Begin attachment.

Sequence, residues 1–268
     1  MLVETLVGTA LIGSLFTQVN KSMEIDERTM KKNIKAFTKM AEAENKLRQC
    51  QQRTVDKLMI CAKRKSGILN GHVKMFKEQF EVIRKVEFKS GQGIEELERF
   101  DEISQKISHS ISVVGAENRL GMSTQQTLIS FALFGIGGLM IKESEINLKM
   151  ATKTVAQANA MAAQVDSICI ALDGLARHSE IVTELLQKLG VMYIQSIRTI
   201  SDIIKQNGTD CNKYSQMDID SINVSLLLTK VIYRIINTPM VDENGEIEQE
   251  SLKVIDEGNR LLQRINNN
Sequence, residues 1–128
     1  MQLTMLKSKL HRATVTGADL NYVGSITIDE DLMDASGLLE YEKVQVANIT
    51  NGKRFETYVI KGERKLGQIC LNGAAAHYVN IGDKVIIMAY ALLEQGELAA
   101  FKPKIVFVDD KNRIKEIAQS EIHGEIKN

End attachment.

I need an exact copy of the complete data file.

Sequence, residues 1–268
     1  MLVETLVGTA LIGSLFTQVN KSMEIDERTM KKNIKAFTKM AEAENKLRQC
    51  QQRTVDKLMI CAKRKSGILN GHVKMFKEQF EVIRKVEFKS GQGIEELERF
   101  DEISQKISHS ISVVGAENRL GMSTQQTLIS FALFGIGGLM IKESEINLKM
   151  ATKTVAQANA MAAQVDSICI ALDGLARHSE IVTELLQKLG VMYIQSIRTI
   201  SDIIKQNGTD CNKYSQMDID SINVSLLLTK VIYRIINTPM VDENGEIEQE
   251  SLKVIDEGNR LLQRINNN
Sequence, residues 1–128
     1  MQLTMLKSKL HRATVTGADL NYVGSITIDE DLMDASGLLE YEKVQVANIT
    51  NGKRFETYVI KGERKLGQIC LNGAAAHYVN IGDKVIIMAY ALLEQGELAA
   101  FKPKIVFVDD KNRIKEIAQS EIHGEIKN